Sony Xperia 1 II Review

July 3, 2020 | Tim Coleman |

Introduction

The Sony Xperia 1 II is the company's latest flagship smartphone, priced at £1,099 / $1,199 in the UK and USA respectively.

Claimed to 'set a new bar for speed in a smartphone', you get the latest Qualcomm Snapdragon 865 processor, 8GB RAM, 5G connection and Wi-Fi 6 connectivity.

Of course, at Photography Blog our main interest lies in the smartphone's image making potential. You get triple front-facing Zeiss lenses, backed up with redesigned Photo Pro and Cinema Pro apps for full manual control over settings such as exposure, focus and drive mode.

There are also some eye-watering photography and video features. Co-designed with the Sony a9 - a camera primarily designed for professional action photographers - the Xperia 1 II offers 20fps with continuous autofocus focus and autoexposure and real time eye AF for humans and animals.

On paper, for image makers there's a lot to be excited about in the Xperia 1 II, which is available in Black or Purple (plus other limited edition versions), so read on to find out how we got on using it.

Ease of Use

Sony Xperia 1 II
Front of the Sony Xperia 1 II

Before we get into the nitty gritty of the camera and apps, let's take a look around the sleek and slender Xperia 1 II.

It's got an ultra-wide 21:9 aspect ratio 4K HDR OLED (3840x1644 pixel) screen. With a 1,000,000:1 contrast ratio and 10-bit equivalent display, the colours are rendered beautifully.

Asides from being the perfect format for watching movies and gaming, there are a few benefits to ultra-wide screens.

With a maximised display size, the 'multi-window' function that allows you to view and operate two apps simultaneously has enough room to breathe - it's a genuine option.

That ultra-wide 21:9 aspect ratio of the screen also gives a cleaner display for image making, being perfectly suited to video, but in this case also for photography. That's because in the Pro Photo app, the camera functions and menus are displayed in the empty space to the side of the best quality 4:3 aspect ratio live view.

Sony Xperia 1 II
Rear of the Sony Xperia 1 II

Overall, the screen is great, although we did find it a challenge at times to see it clearly when out in direct summer sunlight, even at its brightest setting.

The phone itself is narrower than other 6.5in phones and therefore easier to hold. However, it's long format is unwieldy for single-hand use and you'll generally want both of your hands free for using the camera.

Design-wise, Corning Gorilla Glass on both sides make the Xperia 1 II a tough phone. You will still want to buy a protective case though, not least of which because the smooth surface is slippery. It's also water resistant to an IP65/68 rating (that's rain and dust as opposed to full waterproofing). A full day on a quiet beach proved no problem for the Xperia 1 II.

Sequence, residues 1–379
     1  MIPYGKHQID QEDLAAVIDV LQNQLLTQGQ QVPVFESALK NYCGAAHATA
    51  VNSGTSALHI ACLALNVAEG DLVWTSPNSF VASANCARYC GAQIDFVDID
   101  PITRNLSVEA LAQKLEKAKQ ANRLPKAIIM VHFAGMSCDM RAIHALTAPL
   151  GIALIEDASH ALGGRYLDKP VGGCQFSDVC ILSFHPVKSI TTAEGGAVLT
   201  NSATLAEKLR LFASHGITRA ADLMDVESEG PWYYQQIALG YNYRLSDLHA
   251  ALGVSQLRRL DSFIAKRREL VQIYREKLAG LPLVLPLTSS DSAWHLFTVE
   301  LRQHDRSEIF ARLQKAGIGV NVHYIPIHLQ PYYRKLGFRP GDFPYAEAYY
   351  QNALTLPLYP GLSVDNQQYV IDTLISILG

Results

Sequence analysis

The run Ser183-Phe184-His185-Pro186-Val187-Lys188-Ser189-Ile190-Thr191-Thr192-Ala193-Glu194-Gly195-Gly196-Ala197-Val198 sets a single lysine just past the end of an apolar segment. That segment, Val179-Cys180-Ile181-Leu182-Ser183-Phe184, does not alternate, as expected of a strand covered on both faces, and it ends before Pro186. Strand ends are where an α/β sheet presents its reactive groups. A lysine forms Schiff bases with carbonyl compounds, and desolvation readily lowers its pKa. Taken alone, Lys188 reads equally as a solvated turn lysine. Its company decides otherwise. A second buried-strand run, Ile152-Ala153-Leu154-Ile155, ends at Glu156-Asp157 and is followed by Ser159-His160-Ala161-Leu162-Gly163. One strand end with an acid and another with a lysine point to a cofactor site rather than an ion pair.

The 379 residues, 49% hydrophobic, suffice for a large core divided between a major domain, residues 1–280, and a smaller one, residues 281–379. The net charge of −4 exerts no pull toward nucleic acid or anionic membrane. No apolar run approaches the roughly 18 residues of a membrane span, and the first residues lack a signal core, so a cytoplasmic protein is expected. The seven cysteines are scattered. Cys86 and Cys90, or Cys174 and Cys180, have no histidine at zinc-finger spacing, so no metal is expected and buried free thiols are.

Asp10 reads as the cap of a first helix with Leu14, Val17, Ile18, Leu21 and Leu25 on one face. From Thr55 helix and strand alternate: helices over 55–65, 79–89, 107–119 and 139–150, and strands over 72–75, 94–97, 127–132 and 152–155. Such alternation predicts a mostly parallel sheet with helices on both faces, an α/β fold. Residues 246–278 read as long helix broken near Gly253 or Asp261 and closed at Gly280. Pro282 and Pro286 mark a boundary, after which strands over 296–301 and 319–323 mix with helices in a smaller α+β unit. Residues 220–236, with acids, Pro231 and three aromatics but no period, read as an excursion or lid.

The battery has a healthy 4,000mAh capacity and can be charged to 50% in around 30 minutes. You'll get a full day's use on a single charge - a performance that matches up to the competition and is a big step up from the Xperia 1. There is also compatibility with a wireless charger dock, although this unit is not supplied with the phone.

A further look around the phone reveals the single SIM/ micro SDXC card slot, volume control, on/off button and a button that can be used for image capture with the camera. Lo and behold, the 3.5mm headphone jack is back, too!

Sony Xperia 1 II
Side of the Sony Xperia 1 II

For quicker and easier access, we would like to see an on-screen fingerprint scanner, instead of the power on/off scanner.

As standard, the internal memory is a generous 256GB and a micro SDXC card card be installed with support for cards up to 1TB.

On the rear is the triple lens camera, flash and a 3D iToF sensor used for autofocus and depth sensing. Thankfully, the lenses are now in the upper left as you hold the camera in landscape format for taking photos, meaning your fingers are much less likely to get in the way.

The primary rear lens has a 24mm focal length with 82° field of view and maximum f/1.7 aperture. You then have the telephoto 70mm camera with 34° field of view and f/2.4 maximum aperture, plus the 16mm ultra-wide lens with 124° field of view and f/2.2 maximum aperture. It's also possible to digitally zoom in with any of those lenses, up to a maximum of 200mm using the 70mm lens.

There is a single front-facing 'selfie' camera with 8MP resolution, 84° field of view and f/2.0 maximum aperture.

Sony Xperia 1 II
Camera App

While out and about, we have really appreciated what each of the 16mm, 24mm and 70mm lenses bring. For landscape scenarios, that ultra-wide lens is particularly useful. We have largely ignored the digital zoom because of the adverse impact on image quality.